The term has almost come to an end. A mere two weeks remain on the schedule. In these two weeks though, your student teams will be very busy with many assignments and tests, and in our professional communication course, preparing for and then presenting your project proposals for change in some area of the NUS curriculum.
As you know (but I mention for visitors), the project aim is for each student team to follow up the needs analysis research you have done on those communication skills required in a particular workplace and the current communication skill offerings in a related degree program area at NUS and to suggest a plan of action that might assist a specific faculty (school) or department to better prepare its undergraduates for their future. In your 20-minute presentation, you need to convince the (fictitious) NUS Excellence Unit of the soundness of your ideas, explaining why a change is needed and how it might benefit various stakeholders at the university, justifying any of your claims with your secondary and original research findings.
In our most recent tutorial session we discussed presentation preparation tips from the Presentation Zen website created by former Apple employee Garr Reynolds. Hopefully, our review of those tips will aid you in your work for the coming weeks.
With this presentation assignment (and maybe our discussion of Apple) in mind, Deenise, a student in Group 2, posted a free blog post that shares the speech that Apple founder Steve Jobs gave at a recent Stanford University commencement ceremony. In that speech, Jobs recalls three stories from his own life. One of these demonstrates how the choices a person makes each and every day can impact unforeseen future outcomes. What's especially wonderful about the speech is that it also highlights Jobs' own success on a path less taken, as a college drop out.
I find this inspirational because it shows that it's not just hard work and a commitment to one's values that are important, but also a certain daring. In fact, Jobs ends his speech with a related phrase taken from the back of the last volume of The Whole Earth Catalog, one of the hippie bibles from the 1960s and 70s that in its content and ambition was symbolic of "out of the box thinking." The phrase Jobs quotes is this: "stay hungry, stay foolish."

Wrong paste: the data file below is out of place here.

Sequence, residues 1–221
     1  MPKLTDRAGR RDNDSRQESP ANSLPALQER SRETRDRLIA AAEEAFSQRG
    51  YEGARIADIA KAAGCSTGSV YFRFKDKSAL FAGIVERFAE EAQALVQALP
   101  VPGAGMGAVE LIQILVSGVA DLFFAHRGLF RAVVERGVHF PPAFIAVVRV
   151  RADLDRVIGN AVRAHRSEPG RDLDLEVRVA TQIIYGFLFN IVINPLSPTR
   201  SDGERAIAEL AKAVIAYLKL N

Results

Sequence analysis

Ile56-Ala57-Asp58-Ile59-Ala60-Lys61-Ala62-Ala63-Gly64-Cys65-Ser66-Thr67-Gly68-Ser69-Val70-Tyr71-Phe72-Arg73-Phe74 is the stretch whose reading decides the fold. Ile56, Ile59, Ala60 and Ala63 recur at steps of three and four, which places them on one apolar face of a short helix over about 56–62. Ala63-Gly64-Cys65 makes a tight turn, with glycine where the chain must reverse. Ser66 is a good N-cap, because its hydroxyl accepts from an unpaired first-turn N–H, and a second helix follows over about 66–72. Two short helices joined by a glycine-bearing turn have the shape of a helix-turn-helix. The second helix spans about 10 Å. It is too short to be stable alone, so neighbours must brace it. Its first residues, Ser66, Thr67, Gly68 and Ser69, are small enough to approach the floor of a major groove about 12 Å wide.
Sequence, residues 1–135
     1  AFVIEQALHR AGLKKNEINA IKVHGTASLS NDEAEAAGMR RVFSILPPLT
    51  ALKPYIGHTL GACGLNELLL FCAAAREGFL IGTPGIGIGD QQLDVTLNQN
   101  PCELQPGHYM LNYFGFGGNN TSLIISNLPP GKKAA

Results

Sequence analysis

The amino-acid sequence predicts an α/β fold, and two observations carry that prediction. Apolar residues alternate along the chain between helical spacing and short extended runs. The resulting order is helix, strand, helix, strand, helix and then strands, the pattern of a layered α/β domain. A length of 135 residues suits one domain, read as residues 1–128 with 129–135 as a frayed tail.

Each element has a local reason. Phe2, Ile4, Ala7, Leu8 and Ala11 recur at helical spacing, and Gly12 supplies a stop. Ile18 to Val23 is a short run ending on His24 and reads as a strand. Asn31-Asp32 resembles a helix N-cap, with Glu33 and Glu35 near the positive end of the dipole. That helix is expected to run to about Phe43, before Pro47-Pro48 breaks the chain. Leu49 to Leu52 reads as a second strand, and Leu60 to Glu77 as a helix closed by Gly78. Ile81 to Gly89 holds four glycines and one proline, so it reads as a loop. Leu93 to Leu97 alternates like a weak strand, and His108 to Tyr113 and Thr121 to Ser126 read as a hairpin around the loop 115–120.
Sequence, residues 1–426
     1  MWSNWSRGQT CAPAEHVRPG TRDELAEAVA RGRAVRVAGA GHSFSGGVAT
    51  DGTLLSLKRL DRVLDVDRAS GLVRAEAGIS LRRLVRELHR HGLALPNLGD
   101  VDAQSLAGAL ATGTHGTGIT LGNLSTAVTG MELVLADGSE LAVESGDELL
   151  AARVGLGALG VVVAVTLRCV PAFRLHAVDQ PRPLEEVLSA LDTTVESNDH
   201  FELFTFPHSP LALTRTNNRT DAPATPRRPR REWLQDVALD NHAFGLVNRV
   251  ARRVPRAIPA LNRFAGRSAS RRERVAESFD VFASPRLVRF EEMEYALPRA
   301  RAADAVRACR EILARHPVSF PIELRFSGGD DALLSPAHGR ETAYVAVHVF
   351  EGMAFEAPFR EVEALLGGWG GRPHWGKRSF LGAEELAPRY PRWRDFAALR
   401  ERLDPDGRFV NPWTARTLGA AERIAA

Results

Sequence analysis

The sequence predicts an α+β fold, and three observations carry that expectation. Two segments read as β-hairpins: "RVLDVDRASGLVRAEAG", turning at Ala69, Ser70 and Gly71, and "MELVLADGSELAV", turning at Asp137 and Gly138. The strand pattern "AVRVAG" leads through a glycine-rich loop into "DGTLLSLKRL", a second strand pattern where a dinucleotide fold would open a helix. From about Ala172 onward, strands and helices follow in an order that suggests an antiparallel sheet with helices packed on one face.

Stay hungry. Stay foolish. How might these imperatives serve students at Stanford University, and at the National University of Singapore? In my view, "stay hungry" means you don't necessarily have to settle for what satiates you first, for what comes easiest. By staying hungry, you keep alert and always on the move, eyes and ears open for something new, for knowledge, for opportunity.
"Stay foolish" implies that you should keep your child-like nature, stay in awe. Don't be afraid to amble. Don't be afraid to make mistakes. Don't be afraid to reach for the stars. There's also a hint in this phrase of the idea that you shouldn't lose sight that since you're on earth for a very short time, you should make your best effort each day in doing what you enjoy. If you can make what you enjoy your life's work, so much the better.
How might these words of wisdom connect to the last couple weeks of the semester and the work ahead? I'd say you (we) should look at what remains as an opportunity, a chance for further growth, another couple enjoyable lessons in the school of life, and a chance for our unique groups to share what we have found, a common cause, clear shared goals and certain camaraderie. What do you think?